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    ABSTRACT: The protective immunity elicited by ultraviolet-irradiated third-stage infective larvae of Necator americanus (UV-NaL3) and Ancylostoma caninum (UV-AcL3) was evaluated in laboratory mice (a non-permissive model) and hamsters (a permissive model). After optimizing the time of exposure to UV-irradiation, both oral and subcutaneous vaccination routes with UV-AcL3 in mice were explored. Oral vaccination was more effective at reducing the number of challenge AcL3 entering the lungs, whereas subcutaneous vaccination was more effective at blocking muscle entry. When UV-irradiated NaL3 and non-irradiated AcL3 were used as vaccines in hamsters, both of them were effective at reducing adult hookworm burdens. However, the length of protection afforded by UV-irradiated L3 was substantially greater than that resulting from immunization with non-irradiated L3. A single dose was less effective than multiple doses. The protective immunity elicited by UV-irradiated NaL3 given once every other week for a total of three immunizations was similar to that elicited by non-irradiated AcL3 given during the same schedule. Protection was not significantly affected by administering the L3 on a weekly basis for a total of three immunizations, even though the antibody titers were reduced using this schedule. These studies will facilitate the elucidation of the mechanisms underlying larval protection.
    The Southeast Asian journal of tropical medicine and public health 10/2006; 37(5):885-95. · 0.55 Impact Factor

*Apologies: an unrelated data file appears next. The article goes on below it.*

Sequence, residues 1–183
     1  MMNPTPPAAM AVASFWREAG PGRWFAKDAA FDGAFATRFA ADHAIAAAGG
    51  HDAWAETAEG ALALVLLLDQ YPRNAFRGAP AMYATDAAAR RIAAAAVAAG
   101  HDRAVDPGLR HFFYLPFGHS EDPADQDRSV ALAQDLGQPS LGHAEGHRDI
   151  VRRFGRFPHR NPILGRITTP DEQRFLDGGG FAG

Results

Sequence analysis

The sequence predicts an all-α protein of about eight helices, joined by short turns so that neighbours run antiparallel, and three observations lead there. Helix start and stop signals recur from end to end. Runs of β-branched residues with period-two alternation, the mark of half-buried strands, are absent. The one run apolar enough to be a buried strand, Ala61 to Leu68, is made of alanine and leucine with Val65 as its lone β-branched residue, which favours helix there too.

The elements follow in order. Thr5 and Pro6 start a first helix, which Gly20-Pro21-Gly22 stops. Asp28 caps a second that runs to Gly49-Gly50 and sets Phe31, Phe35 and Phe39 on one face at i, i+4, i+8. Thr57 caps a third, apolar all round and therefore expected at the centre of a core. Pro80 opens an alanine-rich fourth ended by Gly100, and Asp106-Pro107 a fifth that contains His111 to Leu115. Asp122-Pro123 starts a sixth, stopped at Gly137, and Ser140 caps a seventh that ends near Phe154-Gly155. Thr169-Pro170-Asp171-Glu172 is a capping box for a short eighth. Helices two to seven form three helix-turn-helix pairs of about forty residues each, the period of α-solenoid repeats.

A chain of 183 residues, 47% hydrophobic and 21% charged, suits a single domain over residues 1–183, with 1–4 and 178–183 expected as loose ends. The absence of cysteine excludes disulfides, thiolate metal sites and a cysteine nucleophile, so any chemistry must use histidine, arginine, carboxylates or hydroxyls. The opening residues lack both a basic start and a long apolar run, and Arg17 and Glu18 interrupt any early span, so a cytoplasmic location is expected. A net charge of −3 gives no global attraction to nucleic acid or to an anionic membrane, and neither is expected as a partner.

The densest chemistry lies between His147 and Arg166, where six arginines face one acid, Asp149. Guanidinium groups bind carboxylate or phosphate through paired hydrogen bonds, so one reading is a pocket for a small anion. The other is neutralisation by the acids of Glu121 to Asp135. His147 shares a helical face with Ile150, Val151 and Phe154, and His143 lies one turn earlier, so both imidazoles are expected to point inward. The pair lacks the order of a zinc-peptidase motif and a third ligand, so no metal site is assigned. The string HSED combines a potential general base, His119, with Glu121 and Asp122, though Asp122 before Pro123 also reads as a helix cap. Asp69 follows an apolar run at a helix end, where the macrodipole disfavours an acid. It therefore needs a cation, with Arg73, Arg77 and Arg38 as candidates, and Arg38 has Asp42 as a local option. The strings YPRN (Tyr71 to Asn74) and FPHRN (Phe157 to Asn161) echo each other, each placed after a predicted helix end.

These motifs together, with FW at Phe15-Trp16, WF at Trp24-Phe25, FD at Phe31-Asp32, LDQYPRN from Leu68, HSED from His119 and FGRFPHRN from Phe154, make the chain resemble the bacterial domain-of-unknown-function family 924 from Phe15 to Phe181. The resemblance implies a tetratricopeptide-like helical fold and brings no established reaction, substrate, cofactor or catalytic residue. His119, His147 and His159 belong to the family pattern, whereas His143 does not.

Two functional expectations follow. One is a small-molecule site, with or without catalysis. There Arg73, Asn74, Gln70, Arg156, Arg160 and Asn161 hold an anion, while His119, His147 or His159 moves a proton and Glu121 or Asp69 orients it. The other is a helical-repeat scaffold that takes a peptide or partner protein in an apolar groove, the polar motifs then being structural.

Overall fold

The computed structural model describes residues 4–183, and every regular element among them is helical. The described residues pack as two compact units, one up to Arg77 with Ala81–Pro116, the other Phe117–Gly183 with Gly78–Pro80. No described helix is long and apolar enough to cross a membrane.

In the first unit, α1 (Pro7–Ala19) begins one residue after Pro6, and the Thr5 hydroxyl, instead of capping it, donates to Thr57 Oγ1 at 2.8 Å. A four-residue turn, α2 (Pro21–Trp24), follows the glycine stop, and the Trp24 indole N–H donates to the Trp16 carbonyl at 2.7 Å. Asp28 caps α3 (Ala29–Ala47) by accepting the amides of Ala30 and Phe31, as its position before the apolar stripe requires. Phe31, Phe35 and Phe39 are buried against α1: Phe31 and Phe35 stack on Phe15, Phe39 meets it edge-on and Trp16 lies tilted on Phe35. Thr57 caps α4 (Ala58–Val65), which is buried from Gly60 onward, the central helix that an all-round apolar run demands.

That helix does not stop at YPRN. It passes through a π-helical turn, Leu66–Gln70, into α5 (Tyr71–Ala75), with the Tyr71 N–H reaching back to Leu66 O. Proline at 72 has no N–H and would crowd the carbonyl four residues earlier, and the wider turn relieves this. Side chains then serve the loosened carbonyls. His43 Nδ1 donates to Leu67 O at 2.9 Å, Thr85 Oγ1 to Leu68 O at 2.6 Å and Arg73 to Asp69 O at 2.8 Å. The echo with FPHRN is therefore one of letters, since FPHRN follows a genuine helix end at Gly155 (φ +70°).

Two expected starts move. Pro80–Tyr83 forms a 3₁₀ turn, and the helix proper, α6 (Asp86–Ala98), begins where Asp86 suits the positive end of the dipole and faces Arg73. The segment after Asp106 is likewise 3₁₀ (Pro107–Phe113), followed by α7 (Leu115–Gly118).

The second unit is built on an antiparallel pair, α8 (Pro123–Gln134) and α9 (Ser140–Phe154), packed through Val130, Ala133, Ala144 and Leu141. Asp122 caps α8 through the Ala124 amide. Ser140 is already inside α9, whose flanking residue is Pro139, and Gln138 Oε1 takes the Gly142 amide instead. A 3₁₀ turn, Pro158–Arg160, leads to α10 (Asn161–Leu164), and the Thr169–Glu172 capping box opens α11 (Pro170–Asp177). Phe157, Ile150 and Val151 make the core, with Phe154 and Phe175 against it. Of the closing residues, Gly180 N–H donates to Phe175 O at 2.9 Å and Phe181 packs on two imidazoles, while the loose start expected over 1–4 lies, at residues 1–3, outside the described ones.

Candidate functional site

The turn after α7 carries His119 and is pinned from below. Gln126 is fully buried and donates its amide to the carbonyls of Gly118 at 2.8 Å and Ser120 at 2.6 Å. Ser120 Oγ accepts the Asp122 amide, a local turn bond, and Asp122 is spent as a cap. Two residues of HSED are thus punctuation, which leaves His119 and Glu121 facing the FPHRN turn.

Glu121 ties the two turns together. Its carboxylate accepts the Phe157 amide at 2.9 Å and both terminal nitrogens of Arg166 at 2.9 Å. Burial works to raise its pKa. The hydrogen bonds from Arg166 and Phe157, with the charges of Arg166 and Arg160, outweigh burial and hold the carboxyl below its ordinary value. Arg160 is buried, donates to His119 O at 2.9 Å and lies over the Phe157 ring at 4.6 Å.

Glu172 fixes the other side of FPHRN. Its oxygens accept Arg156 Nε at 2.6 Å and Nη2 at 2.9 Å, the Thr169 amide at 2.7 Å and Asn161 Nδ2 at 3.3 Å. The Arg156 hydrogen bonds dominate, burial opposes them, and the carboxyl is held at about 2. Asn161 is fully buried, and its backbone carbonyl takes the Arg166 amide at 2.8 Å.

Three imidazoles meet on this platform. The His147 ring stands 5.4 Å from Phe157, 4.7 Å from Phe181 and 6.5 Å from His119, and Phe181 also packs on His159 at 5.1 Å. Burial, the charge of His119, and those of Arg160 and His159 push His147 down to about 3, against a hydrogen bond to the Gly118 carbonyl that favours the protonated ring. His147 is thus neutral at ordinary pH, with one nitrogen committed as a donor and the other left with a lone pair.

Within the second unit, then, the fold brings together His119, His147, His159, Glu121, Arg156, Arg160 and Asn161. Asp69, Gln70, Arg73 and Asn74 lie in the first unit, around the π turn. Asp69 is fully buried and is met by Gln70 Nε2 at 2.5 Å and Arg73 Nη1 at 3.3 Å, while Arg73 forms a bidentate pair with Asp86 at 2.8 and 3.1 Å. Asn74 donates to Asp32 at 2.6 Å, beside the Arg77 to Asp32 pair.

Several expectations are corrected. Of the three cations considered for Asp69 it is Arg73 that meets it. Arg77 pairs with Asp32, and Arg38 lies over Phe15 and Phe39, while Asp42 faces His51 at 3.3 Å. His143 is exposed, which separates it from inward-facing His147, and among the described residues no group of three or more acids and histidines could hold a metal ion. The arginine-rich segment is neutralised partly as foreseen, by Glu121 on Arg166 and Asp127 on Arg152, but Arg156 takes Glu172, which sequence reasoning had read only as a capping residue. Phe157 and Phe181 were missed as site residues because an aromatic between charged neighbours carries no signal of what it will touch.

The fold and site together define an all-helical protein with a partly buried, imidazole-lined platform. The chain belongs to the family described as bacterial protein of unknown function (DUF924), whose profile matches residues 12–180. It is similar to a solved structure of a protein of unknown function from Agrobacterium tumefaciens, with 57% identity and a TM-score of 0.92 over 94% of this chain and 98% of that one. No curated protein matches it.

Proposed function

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    • "While the precise function of these ASPs remains unknown, the secretion of ASPs also appears to be tightly coupled to the developmental biology of the larvae [14]. Previous canine trials suggest that antibody responses to these antigens may result in prevention of larval migration through tissue or attenuation of larvae such they do not mature into blood feeding adults as shown by their reduced fecundity (i.e., reduction in fecal egg counts) [17]. We sought to further elucidate the details of the humoral and especially the cellular immunological factors related to the high level of protection induced by irradiated vaccine, with special attention focused on the role of ASPs in these processes. "
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    ABSTRACT: While X-irradiated live parasites are not an acceptable proposition for human vaccination, they offer a ready experimental system to explore mechanisms by which immunity against hookworm infection may be induced in humans. As such, we sought to further elucidate the details of this highly protective immune response induced by the irradiated vaccine in canids, with special emphasis on the cellular aspects of the response. Vaccination with irradiated L3 induced high production of antibodies and strong PBMCs proliferation to crude L3 antigen preparation. Elevated IL-4 production was also observed in vaccinated dogs, especially in relation to IFN-gamma production (IL-4/IFN-gamma ratio). Serum from vaccinated animals inhibited penetration of L3 through canine skin in vitro by 60%. Finally, vaccinated animals had a strong antibody response to ASP-2, a promising vaccine antigen that is an excretory-secretory product of L3. These results add further support the idea that the Th2 immune response is required to generate protective immunity against hookworm larvae and that ES molecules released during this developmental stage are likely targets of this response.
    Vaccine 02/2006; 24(4):501-9. DOI:10.1016/j.vaccine.2005.07.091 · 3.49 Impact Factor